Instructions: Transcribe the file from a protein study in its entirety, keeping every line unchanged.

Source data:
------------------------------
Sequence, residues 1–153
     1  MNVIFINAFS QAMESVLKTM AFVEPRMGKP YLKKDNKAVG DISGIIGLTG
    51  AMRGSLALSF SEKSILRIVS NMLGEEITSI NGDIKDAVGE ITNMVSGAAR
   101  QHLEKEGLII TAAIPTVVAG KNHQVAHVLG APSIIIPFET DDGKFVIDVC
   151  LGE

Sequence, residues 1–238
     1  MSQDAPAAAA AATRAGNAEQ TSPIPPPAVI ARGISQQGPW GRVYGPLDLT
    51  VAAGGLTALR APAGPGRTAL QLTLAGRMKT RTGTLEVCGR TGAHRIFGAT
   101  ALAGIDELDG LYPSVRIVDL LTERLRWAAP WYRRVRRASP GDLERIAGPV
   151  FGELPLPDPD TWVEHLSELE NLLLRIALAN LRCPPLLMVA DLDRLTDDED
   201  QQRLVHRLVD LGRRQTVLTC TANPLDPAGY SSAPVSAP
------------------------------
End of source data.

Sequence, residues 1–153
     1  MNVIFINAFS QAMESVLKTM AFVEPRMGKP YLKKDNKAVG DISGIIGLTG
    51  AMRGSLALSF SEKSILRIVS NMLGEEITSI NGDIKDAVGE ITNMVSGAAR
   101  QHLEKEGLII TAAIPTVVAG KNHQVAHVLG APSIIIPFET DDGKFVIDVC
   151  LGE

Sequence, residues 1–238
     1  MSQDAPAAAA AATRAGNAEQ TSPIPPPAVI ARGISQQGPW GRVYGPLDLT
    51  VAAGGLTALR APAGPGRTAL QLTLAGRMKT RTGTLEVCGR TGAHRIFGAT
   101  ALAGIDELDG LYPSVRIVDL LTERLRWAAP WYRRVRRASP GDLERIAGPV
   151  FGELPLPDPD TWVEHLSELE NLLLRIALAN LRCPPLLMVA DLDRLTDDED
   201  QQRLVHRLVD LGRRQTVLTC TANPLDPAGY SSAPVSAP